The comedic wordplay used by Robin Page and Steve Jenkins takes learning about these twenty-five creatures to the best level.  If your interest is held when you acquire new knowledge because you are laughing and it's fun, why wouldn't you remember the actual facts or the experience?  Page and Jenkins form their sentences with a specific audience in mind; an audience eager to explore the fascinating world of animals.  Read a couple of excerpts shown below.

Dear Egyptian vulture:
Why no feathers
on your face?
Are you sure you
want to know?
Really? Okay, I'll
tell you. ...

Dear leaf-nosed
Seriously, is that 
your nose?
I know, I know---it
looks strange. ...

This will be the eighth book illustrated by Steve Jenkins honored in a post on my blog.  His torn-paper and cut-paper collage pictures never fail to amaze his readers.  Authentic colors and characteristics are highlighted with vivid, bold backgrounds.  On his matching dust jacket and book case the red used in the text for the title becomes the canvas for the image on the left or back.  A pufferfish is speaking to the reader in reply to a question shown in speech balloons.

What's happening
to you?

I'm inflating! It's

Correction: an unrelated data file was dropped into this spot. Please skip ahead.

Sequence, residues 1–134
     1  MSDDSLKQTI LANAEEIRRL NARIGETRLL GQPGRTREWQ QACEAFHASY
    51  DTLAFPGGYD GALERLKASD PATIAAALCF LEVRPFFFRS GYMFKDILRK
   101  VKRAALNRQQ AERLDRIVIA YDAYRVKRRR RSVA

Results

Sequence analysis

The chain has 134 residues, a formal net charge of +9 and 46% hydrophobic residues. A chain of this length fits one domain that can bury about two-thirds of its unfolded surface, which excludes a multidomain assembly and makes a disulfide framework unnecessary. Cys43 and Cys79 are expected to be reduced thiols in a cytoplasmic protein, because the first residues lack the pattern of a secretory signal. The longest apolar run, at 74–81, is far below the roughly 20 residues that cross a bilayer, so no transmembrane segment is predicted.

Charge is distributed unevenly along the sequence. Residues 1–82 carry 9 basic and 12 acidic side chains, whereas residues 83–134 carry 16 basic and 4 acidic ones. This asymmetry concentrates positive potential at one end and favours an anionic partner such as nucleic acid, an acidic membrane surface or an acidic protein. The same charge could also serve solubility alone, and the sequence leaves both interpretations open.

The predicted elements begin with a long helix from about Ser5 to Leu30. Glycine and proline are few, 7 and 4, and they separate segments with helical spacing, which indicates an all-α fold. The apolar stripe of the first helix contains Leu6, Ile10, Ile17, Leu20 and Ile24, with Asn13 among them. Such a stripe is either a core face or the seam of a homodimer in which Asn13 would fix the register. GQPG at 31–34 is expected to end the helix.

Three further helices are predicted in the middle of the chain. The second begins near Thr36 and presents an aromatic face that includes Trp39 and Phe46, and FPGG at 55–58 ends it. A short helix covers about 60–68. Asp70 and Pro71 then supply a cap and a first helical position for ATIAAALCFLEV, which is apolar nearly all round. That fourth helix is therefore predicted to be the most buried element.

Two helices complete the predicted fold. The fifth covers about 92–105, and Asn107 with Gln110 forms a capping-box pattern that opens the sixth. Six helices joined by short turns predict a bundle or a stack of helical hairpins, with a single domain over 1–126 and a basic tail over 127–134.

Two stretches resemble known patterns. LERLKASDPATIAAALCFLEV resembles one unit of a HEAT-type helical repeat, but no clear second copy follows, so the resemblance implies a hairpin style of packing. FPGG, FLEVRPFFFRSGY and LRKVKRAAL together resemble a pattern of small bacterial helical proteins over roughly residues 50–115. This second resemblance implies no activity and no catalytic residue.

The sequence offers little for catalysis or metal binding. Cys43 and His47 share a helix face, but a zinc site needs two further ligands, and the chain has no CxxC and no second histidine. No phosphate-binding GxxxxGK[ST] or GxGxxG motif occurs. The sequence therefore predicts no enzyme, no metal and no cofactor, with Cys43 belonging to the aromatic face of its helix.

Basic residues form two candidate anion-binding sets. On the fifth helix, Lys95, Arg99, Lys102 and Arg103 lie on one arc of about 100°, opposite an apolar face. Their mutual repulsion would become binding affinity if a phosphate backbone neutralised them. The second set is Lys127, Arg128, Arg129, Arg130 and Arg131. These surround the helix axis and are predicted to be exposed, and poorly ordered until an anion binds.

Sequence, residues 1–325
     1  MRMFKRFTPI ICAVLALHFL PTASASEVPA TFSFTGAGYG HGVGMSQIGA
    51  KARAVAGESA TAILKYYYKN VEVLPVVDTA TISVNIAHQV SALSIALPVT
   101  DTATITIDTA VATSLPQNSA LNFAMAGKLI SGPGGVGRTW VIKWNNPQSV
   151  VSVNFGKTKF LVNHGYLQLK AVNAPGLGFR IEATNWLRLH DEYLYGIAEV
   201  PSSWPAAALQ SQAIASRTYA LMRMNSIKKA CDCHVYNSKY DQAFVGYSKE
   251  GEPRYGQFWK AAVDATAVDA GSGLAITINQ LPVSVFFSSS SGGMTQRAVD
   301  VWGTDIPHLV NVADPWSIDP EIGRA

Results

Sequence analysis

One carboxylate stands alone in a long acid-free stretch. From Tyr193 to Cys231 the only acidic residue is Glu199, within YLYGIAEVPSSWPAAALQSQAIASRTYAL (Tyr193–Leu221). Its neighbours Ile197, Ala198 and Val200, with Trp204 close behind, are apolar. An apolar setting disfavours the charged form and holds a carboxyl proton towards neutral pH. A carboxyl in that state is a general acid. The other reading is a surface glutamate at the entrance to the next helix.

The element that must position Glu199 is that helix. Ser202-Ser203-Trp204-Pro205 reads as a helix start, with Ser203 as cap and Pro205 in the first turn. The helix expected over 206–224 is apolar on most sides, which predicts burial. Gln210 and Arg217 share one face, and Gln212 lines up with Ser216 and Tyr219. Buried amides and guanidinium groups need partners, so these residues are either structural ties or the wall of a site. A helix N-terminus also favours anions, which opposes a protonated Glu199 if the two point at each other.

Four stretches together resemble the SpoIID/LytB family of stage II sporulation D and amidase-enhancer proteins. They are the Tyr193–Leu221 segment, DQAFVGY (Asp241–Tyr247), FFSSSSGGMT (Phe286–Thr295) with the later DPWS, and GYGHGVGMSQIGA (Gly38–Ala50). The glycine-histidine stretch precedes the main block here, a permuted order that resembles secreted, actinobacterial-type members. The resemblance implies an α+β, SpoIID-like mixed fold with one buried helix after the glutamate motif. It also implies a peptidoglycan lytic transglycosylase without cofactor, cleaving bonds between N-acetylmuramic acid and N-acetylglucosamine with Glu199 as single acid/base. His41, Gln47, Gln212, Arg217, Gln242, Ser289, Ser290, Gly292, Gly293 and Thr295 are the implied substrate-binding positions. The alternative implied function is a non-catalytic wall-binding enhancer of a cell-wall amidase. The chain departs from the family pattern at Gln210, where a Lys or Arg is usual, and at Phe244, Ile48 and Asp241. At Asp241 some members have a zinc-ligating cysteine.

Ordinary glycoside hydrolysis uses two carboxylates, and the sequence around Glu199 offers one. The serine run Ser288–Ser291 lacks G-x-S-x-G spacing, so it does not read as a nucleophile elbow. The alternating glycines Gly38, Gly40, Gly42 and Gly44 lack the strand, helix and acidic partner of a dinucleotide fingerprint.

just something I do.
I don't have time to
explain right now, but
read the book and I'll
tell you more.

Hues of gold, green, black, red, orange, blue, and salmon supply the backdrop for these animal portraits appearing on single pages throughout the title.  Only two, the horned frog and the blobfish, extend across two pages.  Texture and the smallest of details are portrayed through the choice of paper and intricate handiwork.  Research through reliable resources assists in the accuracy of the images.  They appear as if alive.

One of my favorites of the twenty-five has to be the red squirrel.  The quickness of movement is frozen in this illustration.  You can almost hear the squirrel chattering at you for interrupting what must surely be a day spent in storing food for the upcoming winter.

Steve Jenkins and Robin Page have delivered a stellar work of nonfiction in Creature Features: 25 Animals Explain Why They Look the Way They Do.  We feel like listeners of a chatty, informative, humorous talk show.  The final two pages give diet and location of each animal depicted by their silhouettes.  A bibliography is included.  I have a feeling you are going to need more than one copy of this title for your shelves.

By following the link attached to Steve Jenkins name you will be taken to his official website.  This link takes you to an explanation of how the book evolved.  The publisher has produced a series of masks to wear taken from five of the pages.

Be sure to head on over to Kid Lit Frenzy hosted by educator Alyson Beecher to see what other bloggers have highlighted today as part of the 2014 Nonfiction Picture Book Challenge.


  1. I can't wait to read this book! How clever that it's told in interviews with the animals. They are definitely a dynamic duo! As usual, I love reading your thorough reviews!

    1. I freely admit to laughing out loud several times. Thank you for reading my review, Holly. I hope you get a copy of the book soon.